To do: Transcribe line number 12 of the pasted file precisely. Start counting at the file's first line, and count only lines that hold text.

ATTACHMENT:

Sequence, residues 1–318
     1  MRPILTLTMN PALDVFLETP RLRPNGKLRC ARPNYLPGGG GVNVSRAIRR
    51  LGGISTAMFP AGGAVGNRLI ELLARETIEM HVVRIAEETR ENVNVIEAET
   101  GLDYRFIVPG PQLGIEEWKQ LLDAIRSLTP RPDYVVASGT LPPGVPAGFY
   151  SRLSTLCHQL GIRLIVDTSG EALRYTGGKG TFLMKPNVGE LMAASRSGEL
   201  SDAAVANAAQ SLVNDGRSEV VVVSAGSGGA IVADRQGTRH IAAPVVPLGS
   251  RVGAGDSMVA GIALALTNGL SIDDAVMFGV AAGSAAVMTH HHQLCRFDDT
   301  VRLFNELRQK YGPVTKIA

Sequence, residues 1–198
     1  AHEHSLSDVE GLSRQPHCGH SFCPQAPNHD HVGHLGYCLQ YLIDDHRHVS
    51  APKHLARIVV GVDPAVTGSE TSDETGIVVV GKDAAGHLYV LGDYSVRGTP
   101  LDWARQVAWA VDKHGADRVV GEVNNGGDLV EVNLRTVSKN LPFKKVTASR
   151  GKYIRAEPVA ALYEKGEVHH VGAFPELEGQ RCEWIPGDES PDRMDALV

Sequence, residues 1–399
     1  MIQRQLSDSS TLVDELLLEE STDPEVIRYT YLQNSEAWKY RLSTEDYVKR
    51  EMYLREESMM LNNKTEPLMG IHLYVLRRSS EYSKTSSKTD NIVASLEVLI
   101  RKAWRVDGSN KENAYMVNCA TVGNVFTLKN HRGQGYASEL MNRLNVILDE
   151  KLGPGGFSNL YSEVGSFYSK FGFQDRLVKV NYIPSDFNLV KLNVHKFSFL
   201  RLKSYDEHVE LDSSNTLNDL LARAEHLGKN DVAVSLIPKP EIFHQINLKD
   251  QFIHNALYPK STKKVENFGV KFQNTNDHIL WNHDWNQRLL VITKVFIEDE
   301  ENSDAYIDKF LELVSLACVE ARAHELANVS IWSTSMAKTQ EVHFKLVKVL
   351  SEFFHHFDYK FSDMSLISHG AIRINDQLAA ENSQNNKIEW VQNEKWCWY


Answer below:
   101  LDWARQVAWA VDKHGADRVV GEVNNGGDLV EVNLRTVSKN LPFKKVTASR